SA Weekly: October 7

Welcome to SA Weekly, your destination for higher ed news, NASPA research and policy, constituent blogs, and more.

Federal Judge Upholds Harvard's Race-Conscious Admissions Process “The advocacy group Students for Fair Admissions says it will appeal the decision, which means the fate of race-conscious admissions could once again end up in the hands of the Supreme Court.”

New Law Creates Pot of Emergency Funds in California “Legislation signed into law Friday will let community colleges draw from a state fund of nearly $500 million for emergency financial aid.”

How Penn State Is Cutting Greenhouse Emissions In Half — And Saving Money “The university, which is as big as a city, has slashed its carbon emissions since 2004. That effort is now paying for itself in lower energy costs. Could actual cities do the same?”

More Title IX Lawsuits by Accusers and Accused “Increased legal challenges place mounting pressure on universities' Title IX proceedings.”

Outrage in Mississippi “Protests erupted after Glenn Boyce, who was involved in the search process, was appointed as the University of Mississippi’s new chancellor.”

The Push for Player Pay Goes National “Days after California enacted a law allowing college athletes to sign endorsement deals, lawmakers in other states and in Congress threaten legislation to advance player compensation.”

Accreditation and Innovation "The accreditation system worked -- slowly -- for an unusual start-up college aimed at adult students, according to a case study by the American Council on Education.”

Policy Update

Amicus Brief Urging U.S. Supreme Court to Uphold the Legality of DACA

Submitted by the American Council on Education and 43 other higher education associations, including NASPA, October 4, 2019

Within this amicus brief, NASPA along with other higher education associations asserts the importance of Deferred Action for Childhood Arrivals in higher education, and the potential damage corresponding with the rescission of the policy. 

The FLSA Final Overtime Rule. Again by Teri Lyn Hinds, Director of Policy Research and Advocacy

Policy Research & Advocacy

University of California statement on filing of amicus briefs in support of DACA

UC Office of the President and UC Board of Regents, October 4, 2019

The Regents of the University of California was the first university board to sue to the United States government following the announcement of a DACA rescission in September of 2017. The case is set to be argued on November 12, 2019. In September, the Center for American Progress released a report using 2019 survey data of DACA recipients that show the extent of what is at stake for recipients and the nation at large.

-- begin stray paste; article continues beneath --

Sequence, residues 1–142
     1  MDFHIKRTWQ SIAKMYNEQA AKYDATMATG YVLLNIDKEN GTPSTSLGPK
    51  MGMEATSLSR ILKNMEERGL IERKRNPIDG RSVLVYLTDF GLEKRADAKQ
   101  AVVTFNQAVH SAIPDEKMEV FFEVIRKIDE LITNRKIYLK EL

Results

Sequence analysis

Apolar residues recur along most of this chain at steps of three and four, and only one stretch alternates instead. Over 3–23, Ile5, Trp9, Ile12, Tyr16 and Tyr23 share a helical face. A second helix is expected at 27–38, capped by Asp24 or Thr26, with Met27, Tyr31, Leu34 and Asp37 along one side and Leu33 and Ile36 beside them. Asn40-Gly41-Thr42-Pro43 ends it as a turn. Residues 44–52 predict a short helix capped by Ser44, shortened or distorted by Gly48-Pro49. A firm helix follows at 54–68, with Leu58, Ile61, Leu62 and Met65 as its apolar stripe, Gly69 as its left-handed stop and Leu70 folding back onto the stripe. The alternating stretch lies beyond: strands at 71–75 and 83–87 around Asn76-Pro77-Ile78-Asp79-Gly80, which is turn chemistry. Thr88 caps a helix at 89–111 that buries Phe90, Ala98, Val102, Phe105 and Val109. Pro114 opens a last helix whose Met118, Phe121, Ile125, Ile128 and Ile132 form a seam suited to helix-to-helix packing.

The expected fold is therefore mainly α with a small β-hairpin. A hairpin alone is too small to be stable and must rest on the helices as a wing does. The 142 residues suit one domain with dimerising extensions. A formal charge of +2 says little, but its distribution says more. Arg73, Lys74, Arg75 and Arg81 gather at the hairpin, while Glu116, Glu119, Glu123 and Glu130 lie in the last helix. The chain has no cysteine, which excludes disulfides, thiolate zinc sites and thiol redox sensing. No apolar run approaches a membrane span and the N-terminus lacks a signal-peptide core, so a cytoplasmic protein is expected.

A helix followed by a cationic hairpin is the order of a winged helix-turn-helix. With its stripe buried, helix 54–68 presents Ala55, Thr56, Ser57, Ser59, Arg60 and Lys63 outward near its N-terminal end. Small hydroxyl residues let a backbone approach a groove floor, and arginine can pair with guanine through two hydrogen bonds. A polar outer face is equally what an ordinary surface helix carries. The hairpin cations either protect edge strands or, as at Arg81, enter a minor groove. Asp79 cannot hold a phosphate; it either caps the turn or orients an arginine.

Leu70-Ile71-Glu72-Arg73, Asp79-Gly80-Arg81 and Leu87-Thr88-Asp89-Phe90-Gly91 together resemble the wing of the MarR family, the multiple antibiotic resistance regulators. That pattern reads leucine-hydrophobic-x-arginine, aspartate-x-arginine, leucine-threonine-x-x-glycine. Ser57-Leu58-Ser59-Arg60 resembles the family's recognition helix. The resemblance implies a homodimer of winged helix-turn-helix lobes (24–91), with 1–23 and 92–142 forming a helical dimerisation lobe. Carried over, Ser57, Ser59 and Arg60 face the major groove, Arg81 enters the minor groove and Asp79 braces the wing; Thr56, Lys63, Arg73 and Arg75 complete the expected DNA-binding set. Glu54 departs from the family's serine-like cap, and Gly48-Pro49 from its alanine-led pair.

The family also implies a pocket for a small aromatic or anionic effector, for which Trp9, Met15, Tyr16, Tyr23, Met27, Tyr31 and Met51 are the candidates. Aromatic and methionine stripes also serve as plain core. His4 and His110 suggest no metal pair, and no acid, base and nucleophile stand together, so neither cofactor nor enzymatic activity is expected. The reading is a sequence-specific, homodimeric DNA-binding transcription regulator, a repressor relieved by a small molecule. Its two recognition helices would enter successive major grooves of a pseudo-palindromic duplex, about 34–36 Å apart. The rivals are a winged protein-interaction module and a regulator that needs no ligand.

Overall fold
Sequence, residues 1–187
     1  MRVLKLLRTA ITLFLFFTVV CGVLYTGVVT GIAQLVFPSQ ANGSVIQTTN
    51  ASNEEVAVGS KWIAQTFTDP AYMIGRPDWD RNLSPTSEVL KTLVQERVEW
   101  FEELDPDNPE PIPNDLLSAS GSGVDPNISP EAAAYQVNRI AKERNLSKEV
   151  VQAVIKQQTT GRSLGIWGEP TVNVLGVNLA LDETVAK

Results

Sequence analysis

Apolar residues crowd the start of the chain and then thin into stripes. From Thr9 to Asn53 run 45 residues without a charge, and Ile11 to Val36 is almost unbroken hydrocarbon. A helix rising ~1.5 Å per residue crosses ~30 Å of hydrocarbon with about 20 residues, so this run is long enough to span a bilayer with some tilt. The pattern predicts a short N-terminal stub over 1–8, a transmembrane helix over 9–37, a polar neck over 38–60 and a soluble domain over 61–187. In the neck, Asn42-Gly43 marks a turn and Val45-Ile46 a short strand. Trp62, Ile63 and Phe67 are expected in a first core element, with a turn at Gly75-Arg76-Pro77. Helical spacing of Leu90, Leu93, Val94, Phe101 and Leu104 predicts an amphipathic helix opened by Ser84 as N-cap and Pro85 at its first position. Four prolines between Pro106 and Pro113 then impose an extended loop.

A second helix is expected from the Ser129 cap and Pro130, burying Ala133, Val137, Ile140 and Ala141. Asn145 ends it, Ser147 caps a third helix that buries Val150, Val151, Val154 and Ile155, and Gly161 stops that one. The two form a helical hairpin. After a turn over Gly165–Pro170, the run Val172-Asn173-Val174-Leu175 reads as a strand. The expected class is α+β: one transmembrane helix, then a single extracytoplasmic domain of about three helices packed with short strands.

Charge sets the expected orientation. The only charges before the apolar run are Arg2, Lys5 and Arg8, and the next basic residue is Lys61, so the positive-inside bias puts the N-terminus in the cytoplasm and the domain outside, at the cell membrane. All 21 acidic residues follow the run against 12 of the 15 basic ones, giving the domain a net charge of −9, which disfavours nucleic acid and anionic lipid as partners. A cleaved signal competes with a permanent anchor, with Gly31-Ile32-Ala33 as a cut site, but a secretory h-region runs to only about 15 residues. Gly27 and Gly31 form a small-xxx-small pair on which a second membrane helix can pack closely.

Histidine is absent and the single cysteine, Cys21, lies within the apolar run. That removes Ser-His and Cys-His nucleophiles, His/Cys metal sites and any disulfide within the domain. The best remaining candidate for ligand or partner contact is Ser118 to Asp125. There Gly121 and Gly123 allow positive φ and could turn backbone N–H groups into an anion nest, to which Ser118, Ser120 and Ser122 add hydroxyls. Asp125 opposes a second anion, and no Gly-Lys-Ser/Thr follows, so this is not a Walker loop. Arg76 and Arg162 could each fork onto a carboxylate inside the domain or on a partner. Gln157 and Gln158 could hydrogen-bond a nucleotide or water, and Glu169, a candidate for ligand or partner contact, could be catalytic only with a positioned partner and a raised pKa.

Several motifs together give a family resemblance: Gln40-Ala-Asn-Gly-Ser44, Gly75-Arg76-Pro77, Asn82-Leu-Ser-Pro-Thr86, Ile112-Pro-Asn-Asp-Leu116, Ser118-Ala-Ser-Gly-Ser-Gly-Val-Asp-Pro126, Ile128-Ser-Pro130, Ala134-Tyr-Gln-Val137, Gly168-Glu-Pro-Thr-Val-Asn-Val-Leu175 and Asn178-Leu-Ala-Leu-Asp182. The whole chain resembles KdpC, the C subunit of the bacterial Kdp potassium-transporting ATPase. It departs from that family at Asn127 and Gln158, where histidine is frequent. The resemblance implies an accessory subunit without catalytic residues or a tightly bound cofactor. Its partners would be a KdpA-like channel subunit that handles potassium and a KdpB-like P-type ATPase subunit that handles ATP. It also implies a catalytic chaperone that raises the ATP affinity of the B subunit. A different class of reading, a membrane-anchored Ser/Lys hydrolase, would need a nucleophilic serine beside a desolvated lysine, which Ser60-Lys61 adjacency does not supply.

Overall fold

Republican Governors Call to Expand Pell Grant to Prisoners, Short-Term Programs

NASFAA, October 7, 2019

The National Association of Student Financial Aid Administrators (NASFAA) has reported this week that a number of Republican governors have sent a letter to leaders of the Senate Higher Education Labor, and Pensions (HELP) committee in support of Pell Grant eligibility for incarcerated students. This support is coming on the heels of Senator Lamar Alexander’s proposal to reauthorize the Higher Education Act (HEA) through piecemeal legislation, which is currently receiving strong opposition from Senate Democrats.

Regulatory Updates

Improving Access to Affordable, High Quality Child Care: Request for Information

  • Notice by the Children and Families Administration, October 2, 2019
  • Department of Health and Human Services (HHS)
  • Comment period that ends on December 2, 2019

Summary from the Federal Register: “As part of the Administration for Children and Families (ACF) commitment to supporting working families and promoting the healthy development and well-being of children, ACF is seeking input from the public and interested stakeholders on strategies to improve access to high quality, affordable child care in the U.S. Child care is one of the biggest expenses a family faces and can be a barrier to work. The average cost of center-based infant childcare in 28 states is more than college tuition. At the same time, childcare settings are a place of learning and education for children from the time they are infants and toddlers through their school-age years. Access to high quality learning opportunities lays the foundation for children's development and, ultimately, their success in school and in life. Unfortunately, many families do not have access to the affordable, high quality childcare their children need. This Request for Information seeks public comment on: Identifying emerging and innovative practices to improve access to high quality child care, as well as identifying regulatory and other policies that unnecessarily drive up the cost of care or limit parents' choice of different child care options; and identifying ways to improve funding of child care and other related early education programs to support quality and create a more streamlined, equitable, and sustainable financing framework for future generations. Information collected through this request may be used by ACF in the development of future rulemaking and technical assistance, formation of legislative proposals and research agendas, and/or strategic planning.”

Want to submit comments of your own? Check out NASPA’s Q&A on submitting public comments 

Around NASPA

Which Box do I Check by Kira Muñoz, MultiRacial Knowledge Community

Beyond Universities: What I Learned About Student Affairs During My Internship Away From Campus by Blake Lewis, New Professionals and Graduate Students Knowledge Community

Building an Intercultural Resource Center at Coastline College by Kate Mueller, Community Colleges Division